8. Hmm. She seems to be operating on the basis that it’s evil individuals or at least evil decisions that are to blame. But I can see the forces of society constraining those decisions, moulding those individuals by the roles it provides for them to take (and if they didn’t take the boss jobs, somebody else would, and too few people have the moral fiber to refuse what the role demands). This is why I feel that a focus on oppression is fighting on the defensive; the offense has to be made against the form of society itself. And I feel too, that a focus on the poor (valid as it is) misses the fact that nearly everyone in society, poor through bosses, except the very richest few, is forced out of their natural vocation right now (and even those few must live in a dystopia, they can’t escape it). That’s a huge unseen gap between actual and potential, it’s pain we can’t see because we’re too close to it.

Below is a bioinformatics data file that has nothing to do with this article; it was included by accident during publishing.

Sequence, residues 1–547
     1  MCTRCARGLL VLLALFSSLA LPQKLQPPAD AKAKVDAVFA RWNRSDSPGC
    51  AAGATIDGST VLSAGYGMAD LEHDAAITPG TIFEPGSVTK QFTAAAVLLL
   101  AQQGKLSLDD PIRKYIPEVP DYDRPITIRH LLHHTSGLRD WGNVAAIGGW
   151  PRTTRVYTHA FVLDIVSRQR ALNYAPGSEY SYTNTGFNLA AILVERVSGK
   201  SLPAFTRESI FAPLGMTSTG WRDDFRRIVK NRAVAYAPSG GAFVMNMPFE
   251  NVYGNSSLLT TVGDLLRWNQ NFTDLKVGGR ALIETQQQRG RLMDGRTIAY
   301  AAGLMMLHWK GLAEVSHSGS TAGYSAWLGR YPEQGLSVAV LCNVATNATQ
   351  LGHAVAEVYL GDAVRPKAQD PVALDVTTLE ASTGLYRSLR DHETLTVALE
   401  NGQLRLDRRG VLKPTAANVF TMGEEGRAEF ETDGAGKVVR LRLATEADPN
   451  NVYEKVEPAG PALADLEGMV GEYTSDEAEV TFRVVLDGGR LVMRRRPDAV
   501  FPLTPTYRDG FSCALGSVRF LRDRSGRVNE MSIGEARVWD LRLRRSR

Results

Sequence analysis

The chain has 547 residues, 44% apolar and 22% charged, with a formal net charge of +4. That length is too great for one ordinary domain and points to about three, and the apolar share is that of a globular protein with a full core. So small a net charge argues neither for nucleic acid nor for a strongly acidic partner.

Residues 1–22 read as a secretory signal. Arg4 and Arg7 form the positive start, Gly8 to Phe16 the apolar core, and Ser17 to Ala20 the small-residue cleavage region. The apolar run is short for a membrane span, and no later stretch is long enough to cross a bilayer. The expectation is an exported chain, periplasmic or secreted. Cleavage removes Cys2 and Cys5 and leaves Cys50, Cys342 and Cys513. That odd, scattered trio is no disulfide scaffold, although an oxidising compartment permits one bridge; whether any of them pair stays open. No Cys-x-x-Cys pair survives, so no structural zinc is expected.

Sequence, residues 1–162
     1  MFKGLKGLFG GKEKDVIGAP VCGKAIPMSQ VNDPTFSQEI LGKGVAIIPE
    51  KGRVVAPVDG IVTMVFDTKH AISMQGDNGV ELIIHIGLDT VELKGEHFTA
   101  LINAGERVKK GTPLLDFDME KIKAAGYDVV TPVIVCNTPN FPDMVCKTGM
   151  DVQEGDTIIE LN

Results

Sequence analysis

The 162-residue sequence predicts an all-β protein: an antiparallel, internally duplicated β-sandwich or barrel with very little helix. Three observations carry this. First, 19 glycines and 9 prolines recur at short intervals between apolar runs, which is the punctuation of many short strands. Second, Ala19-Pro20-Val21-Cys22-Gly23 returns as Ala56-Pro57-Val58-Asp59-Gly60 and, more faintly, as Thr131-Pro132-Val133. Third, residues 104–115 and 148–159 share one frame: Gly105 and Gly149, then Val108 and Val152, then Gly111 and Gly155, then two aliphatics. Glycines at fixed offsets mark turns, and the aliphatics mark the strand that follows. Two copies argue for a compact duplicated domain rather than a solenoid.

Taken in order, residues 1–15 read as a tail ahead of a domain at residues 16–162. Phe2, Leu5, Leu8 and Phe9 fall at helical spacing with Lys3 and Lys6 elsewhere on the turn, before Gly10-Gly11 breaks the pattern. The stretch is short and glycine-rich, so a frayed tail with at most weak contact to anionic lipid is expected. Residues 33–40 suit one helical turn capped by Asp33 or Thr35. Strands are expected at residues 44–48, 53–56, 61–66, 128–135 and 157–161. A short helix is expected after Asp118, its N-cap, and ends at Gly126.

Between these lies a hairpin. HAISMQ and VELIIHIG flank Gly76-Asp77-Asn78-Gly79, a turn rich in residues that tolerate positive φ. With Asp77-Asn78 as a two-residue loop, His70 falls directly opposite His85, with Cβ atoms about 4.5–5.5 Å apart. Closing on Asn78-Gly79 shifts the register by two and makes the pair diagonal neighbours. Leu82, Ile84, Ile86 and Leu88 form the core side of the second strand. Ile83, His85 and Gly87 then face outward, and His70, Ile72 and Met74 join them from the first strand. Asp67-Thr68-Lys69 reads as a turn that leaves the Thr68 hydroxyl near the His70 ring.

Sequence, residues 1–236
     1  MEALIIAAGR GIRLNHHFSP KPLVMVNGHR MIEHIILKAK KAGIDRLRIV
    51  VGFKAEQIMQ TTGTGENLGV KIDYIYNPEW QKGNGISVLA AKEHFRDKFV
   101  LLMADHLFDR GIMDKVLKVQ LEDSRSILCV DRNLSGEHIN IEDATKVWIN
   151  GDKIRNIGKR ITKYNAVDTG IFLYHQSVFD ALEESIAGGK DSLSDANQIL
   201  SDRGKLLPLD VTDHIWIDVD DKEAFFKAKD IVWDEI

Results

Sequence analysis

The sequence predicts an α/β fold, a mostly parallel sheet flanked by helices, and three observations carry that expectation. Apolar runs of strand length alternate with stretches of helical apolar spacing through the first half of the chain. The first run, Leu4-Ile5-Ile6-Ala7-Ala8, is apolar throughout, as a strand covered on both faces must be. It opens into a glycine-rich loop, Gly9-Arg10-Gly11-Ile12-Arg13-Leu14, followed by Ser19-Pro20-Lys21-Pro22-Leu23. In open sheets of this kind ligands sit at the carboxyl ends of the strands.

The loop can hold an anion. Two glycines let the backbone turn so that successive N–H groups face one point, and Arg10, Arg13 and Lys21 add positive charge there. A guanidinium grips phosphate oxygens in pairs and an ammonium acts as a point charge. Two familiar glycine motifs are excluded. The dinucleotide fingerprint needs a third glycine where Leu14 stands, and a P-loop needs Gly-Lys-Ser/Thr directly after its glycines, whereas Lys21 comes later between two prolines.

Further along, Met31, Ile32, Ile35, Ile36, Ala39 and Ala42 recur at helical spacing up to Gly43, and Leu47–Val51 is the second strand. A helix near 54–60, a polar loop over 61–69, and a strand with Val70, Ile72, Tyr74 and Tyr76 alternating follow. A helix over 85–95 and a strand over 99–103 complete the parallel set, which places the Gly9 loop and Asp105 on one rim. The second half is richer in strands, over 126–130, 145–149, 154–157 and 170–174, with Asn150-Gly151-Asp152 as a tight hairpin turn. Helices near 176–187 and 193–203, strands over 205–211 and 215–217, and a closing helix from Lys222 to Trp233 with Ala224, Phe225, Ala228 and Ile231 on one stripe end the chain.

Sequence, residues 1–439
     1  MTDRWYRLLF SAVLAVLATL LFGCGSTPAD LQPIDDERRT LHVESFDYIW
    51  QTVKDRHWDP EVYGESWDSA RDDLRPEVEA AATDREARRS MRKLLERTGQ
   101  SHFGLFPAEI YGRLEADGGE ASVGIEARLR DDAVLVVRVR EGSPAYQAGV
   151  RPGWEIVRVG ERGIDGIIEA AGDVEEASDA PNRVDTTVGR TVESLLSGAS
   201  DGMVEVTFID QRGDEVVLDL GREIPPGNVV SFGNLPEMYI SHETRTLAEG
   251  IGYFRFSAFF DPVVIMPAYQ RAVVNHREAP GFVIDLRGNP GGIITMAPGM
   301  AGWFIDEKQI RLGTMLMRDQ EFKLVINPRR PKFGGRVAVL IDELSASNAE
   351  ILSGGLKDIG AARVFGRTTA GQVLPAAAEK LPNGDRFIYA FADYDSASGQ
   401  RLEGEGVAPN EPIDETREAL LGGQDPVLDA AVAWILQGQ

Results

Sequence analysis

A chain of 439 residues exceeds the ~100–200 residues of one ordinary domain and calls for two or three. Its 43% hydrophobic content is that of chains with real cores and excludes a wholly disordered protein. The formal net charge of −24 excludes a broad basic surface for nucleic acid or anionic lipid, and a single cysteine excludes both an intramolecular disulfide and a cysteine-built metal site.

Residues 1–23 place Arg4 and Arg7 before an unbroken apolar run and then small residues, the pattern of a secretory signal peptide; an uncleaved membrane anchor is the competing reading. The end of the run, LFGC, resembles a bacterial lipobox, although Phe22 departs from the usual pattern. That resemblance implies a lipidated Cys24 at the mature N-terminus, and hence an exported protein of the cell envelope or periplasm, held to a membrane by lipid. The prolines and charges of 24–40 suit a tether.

9. Yes, that is very much her opinion. She’s a sensate deity of freedom, very close to humanity, and on closer to the heart end of the spectrum than the head end of the spectrum.

        The view you espouse sounds much more in line with the thinking of Zeus, who views human behavior, in aggregate, as complex, predictable and impossible to control as the weather. What is happening today in the U.S. is as much a product of what happened 200 years ago and what is presently happening in Europe and China as it has to do with personal decisions made by business people or politicians.

        Ariadne would say that people with power can, CAN choose their actions.

      10. People with power can choose – up to a point. They are as constrained by societal expectations as anyone else and sometimes more so. We are herd animals and that governs much of our response. Anyone can choose to operate outside the norms if they’re willing to pay the price for doing so, and it’s the same for those with little power as it is for those with more. But it goes against our instincts to do so, which is why so few people do it. Ariadne refuses to take basic human constraints into consideration. She paints with an overly broad brush. That’s her heart speaking.